USC’s Galen Center. Photo credit: Bobak Ha’Eri, via Wikimedia Commons

A major men’s college basketball program received two years’ probation Thursday over former associate head coach Tony Bland’s involvement in a national bribery scandal.

Bland, an assistant coach at San Diego State University from 2009 to 2013, left for a similar assistant coaching role at USC.

He landed in hot water, though in Los Angeles, where he was one of four college assistant basketball coaches named in a 2017 indictment that revealed a fraud and corruption scheme.

Federal prosecutors in New York said Bland accepted at least $13,000 in bribes from a pair of “athlete advisers” between June and September 2017. Bland took the money to influence players to hire the advisers when they begin playing in the NBA.

Prosecutors contended that Bland told the advisers, “I definitely can get the players. … And I can definitely mold the players and put them in the lap of you guys.”

USC immediately placed Bland on administrative leave when the allegations surfaced, then fired him in January 2018.

Bland pleaded guilty in a year later to conspiracy to commit bribery, admitting he received a $4,100 bribe. He was sentenced to two years probation.

The NCAA’s punishment in response to Bland’s actions spared USC potentially severe penalties that could have included a ban on post-season play.

In its ruling Thursday, the NCAA stated, “The associate head coach demonstrated a recurring lack of judgment that resulted in unethical conduct and representation violations for both himself and USC. Although (Bland’s) behavior may have originated out of friendship with the agent associate, it waded into murky ethical waters and ultimately intersected with the agent associate’s corruption scheme within college basketball.”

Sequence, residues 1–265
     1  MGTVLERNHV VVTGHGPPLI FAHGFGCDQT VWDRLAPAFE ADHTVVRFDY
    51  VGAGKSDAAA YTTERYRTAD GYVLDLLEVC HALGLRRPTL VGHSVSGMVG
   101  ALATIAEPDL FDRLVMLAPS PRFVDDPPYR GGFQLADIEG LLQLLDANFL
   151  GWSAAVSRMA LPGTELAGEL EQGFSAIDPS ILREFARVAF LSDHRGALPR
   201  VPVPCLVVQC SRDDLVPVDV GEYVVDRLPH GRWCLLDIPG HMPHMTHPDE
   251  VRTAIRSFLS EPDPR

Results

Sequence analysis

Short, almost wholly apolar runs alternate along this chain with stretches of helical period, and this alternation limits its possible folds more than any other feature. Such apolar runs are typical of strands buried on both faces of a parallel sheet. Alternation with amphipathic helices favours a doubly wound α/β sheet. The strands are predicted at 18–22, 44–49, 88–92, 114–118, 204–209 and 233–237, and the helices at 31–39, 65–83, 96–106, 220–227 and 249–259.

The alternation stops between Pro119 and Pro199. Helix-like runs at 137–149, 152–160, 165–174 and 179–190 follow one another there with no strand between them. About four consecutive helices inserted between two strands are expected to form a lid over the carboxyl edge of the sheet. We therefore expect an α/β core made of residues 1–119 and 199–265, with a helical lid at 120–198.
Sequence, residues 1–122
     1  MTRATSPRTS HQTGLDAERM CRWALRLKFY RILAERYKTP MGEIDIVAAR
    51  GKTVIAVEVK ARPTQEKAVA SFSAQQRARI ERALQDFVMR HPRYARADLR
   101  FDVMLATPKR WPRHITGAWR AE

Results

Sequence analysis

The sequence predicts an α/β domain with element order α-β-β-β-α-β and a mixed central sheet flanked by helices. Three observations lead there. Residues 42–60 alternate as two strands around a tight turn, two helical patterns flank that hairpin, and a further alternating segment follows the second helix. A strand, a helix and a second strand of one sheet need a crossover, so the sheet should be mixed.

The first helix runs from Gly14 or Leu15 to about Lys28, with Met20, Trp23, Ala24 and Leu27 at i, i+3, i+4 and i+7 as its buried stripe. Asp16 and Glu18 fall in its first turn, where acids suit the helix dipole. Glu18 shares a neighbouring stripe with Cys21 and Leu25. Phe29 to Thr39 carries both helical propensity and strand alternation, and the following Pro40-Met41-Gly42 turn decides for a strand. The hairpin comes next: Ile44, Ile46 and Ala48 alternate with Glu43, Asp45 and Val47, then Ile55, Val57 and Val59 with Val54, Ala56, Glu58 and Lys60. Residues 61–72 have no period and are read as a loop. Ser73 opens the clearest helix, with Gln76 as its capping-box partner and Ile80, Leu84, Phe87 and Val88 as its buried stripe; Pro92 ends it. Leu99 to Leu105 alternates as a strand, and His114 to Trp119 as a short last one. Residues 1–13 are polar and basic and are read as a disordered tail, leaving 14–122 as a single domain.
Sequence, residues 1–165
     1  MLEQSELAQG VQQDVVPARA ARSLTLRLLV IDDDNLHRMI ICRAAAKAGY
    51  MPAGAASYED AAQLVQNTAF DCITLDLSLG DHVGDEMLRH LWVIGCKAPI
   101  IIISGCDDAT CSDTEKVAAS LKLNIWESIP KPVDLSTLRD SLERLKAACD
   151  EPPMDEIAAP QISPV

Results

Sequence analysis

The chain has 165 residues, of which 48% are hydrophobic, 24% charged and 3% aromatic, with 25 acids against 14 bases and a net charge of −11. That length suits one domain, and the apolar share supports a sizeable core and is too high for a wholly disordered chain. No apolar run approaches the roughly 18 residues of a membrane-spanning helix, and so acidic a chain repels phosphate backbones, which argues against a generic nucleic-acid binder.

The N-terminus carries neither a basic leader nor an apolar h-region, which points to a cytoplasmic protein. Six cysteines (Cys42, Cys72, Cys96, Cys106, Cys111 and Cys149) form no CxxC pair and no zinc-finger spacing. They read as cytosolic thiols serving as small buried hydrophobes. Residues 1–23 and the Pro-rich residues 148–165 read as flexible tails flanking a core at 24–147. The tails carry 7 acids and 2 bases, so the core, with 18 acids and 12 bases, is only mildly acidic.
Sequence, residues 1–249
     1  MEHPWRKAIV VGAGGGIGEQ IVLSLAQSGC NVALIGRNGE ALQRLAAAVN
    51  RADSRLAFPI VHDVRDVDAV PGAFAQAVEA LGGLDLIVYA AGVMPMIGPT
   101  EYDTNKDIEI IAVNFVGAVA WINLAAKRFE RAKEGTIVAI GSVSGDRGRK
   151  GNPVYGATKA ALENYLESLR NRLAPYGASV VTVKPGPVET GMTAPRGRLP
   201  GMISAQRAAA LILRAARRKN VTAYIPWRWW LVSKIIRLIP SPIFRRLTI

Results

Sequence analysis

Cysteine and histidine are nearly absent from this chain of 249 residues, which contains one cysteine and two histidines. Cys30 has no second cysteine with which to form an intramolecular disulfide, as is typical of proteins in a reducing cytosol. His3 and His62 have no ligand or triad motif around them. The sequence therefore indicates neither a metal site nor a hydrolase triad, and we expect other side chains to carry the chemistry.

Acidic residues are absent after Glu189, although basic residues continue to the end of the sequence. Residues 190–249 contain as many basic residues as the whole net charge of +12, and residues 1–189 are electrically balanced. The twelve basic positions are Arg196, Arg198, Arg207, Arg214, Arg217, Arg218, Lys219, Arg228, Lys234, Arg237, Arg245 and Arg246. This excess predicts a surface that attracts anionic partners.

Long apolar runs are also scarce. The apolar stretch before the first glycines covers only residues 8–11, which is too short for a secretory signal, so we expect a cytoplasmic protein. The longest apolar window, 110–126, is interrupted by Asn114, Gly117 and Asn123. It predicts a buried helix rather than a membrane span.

The university was ordered to pay a $5,000 fine and 1% of the men’s basketball program budget. The NCAA also accepted USC’s self-imposed penalties – reducing basketball scholarships by two during the 2018-19 academic year, reducing official basketball visits over a two-season period and a reduction in recruiting days.

Bland was also placed under a three-year “show-cause order,” which means that any school employing him “must restrict him from any athletically related duties unless it shows cause why the restrictions should not apply.”

The NCAA noted that Bland cooperated in the investigation, and the university itself “displayed exemplary cooperation.”

Bland, whose duties for the Aztecs included recruiting players, helped coach the Aztecs to the NCAA Tournament during all four of his years as an assistant. That included their first-ever run to the Sweet 16 in the 2011 tournament.

The scandal also ensnared basketball staff from Arizona, Auburn and Oklahoma State.

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